Monday, February 7, 2011

BoardGameGathering: Castle Ravenloft, Defenders of the Realm, Battlestar Galactica

1/15/11:  Four guys, and a new player in the mix, so why not take a stroll up to the Castle? Right off the bat, it didn't take long to reach a consensus that we should revisit Wizards of the Coast's Castle Ravenloft. CR is a 'light/fast' dungeon crawl. If you're familiar with it's progenitor Dungeons & Dragons, CR attempts to take some of D&D's standard character classes & monsters, and the core concept of dungeon questing, and simplify and speed things up, to make it all come together quickly and easily, and make a typical game take approximately an hour or less.

CR (and it's soon to be released follow-ups Wrath of Ashardalon and Legend of Drizzt) utilize puzzle-like tiles, and special trigger-tiles positioned at a random location in the tile stack, to stage critical plot-points. In addition, the game brings in a unique new monster-control mechanic: Rather than rely on a player controlling the monsters as a formal 'Dungeon Master', CR has a nifty card-based if/then formula for every monster that fully automates its behavior. Using this system, every player runs the monsters they drew, each of their turns. This lets everyone play an explorer. It also substantially automates and simplifies the entire process. You can pop open the box on CR, and be playing in well under 15 minutes, then play a complete scenario to completion in 30mins to an hour.

For our  part, we tackled one of the later scenarios, and though we had fun, the range of beasties and villains in the scenario roundly wiped up the floor with us; that is, between bouts of chasing us from point to point on the level. Good fun, quickly had.

Defending the Defenders: Next up was a cold run at Richard Launius' Defenders of the Realm. DotR is a fantasy board game that takes the core Pandemic mechanic ("more than 4 of a 'disease' in a single city, causes an expansion of the disease into adjoining connected cities, which may in turn regenerate outbreaks of their own") and applies it to an invasion by four different groups of nasties, as led by four different generals. As per Pandemic, the purpose of the game is to wipe out the assembling minions, and eventually amass enough strength to take on and wipe-out the Generals, before they arrive at the land's capital city.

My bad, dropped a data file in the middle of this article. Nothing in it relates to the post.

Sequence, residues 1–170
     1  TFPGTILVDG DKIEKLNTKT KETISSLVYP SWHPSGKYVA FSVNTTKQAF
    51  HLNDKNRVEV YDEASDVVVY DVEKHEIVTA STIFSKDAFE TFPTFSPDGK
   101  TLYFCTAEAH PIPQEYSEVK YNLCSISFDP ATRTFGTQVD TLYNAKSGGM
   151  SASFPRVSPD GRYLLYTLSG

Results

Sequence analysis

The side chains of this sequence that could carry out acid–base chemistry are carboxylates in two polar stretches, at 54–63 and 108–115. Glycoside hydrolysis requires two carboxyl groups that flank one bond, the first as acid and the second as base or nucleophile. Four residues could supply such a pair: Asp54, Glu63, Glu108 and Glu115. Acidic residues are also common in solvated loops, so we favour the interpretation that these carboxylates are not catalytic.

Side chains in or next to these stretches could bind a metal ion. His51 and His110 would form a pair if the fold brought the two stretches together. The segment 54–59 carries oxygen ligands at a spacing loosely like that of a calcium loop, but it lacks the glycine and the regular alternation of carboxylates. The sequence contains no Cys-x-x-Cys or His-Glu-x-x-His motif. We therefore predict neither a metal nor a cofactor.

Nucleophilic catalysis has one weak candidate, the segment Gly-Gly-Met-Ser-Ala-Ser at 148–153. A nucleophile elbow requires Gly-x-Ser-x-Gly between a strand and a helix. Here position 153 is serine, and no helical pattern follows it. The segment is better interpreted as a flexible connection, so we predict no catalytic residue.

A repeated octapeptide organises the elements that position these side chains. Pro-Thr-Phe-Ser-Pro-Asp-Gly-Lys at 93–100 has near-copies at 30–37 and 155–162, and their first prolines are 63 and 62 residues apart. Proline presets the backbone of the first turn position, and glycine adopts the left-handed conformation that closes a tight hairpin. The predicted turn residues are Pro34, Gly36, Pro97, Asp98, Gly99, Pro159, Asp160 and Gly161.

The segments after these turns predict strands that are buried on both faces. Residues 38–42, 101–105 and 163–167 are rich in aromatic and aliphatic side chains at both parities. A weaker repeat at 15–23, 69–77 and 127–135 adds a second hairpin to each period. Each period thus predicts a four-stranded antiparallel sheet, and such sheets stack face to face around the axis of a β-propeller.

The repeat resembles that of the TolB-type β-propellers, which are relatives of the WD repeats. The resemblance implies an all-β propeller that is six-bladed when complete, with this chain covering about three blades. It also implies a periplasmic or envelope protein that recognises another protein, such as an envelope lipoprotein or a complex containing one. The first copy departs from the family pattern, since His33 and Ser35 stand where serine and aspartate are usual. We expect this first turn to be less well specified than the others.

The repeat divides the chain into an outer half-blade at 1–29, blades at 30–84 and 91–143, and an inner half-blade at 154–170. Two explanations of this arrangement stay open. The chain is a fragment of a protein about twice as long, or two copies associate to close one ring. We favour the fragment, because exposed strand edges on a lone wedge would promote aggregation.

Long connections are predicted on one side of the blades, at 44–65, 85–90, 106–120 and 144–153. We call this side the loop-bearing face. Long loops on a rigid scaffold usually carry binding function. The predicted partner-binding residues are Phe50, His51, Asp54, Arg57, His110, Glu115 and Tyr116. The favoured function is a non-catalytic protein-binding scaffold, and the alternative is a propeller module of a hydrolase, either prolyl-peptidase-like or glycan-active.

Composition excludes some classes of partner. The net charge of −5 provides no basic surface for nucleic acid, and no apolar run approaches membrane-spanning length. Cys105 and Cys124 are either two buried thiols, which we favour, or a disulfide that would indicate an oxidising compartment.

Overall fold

The game has had a generally good reputation and pretty decent array of reviews (albeit generally with some reservations). And the Pandemic mechanic does make for a fun game in a fantasy setting. But I can absolutely agree with the range of opinions that the game has more than its share of flaws: For one thing, right off the bat, the game's manual is in serious need of more illustrations and better organization. For another although I grew up on and absolutely loved Larry Elmore's D&D illustrations (even had a red dragon poster of his on my bedroom wall as a teen) , the art and more specifically his font choices (Comic Sans on the cover? Ye Gods! What was the man thinking!) both looked less than ideal. Not to mention his use of a variety of detailed serif fonts in bad-contrast color schemes, left large parts of the board almost unreadable, without one of the player-developed cheat sheets for the map.

A direct impact in our group, on the manual issues, was that it took awhile to get the game in the air due to some extended time spent sorting out exactly what each of the token types actually look like, and where they were supposed to go. Yup! The manual generally lacks examples, especially on the pages that describe setup steps.

For what it's worth, I personally burnt some time the following day, to write-up my own illustrated DotR reference sheet (uploaded over at BGG). Hopefully, if I can talk the other folks in to it again, we'll be able to give DotR a better shot. I know there's a solid and FUN game hiding in there, but it takes some patience to get up the curve on it, and on to the fun. :D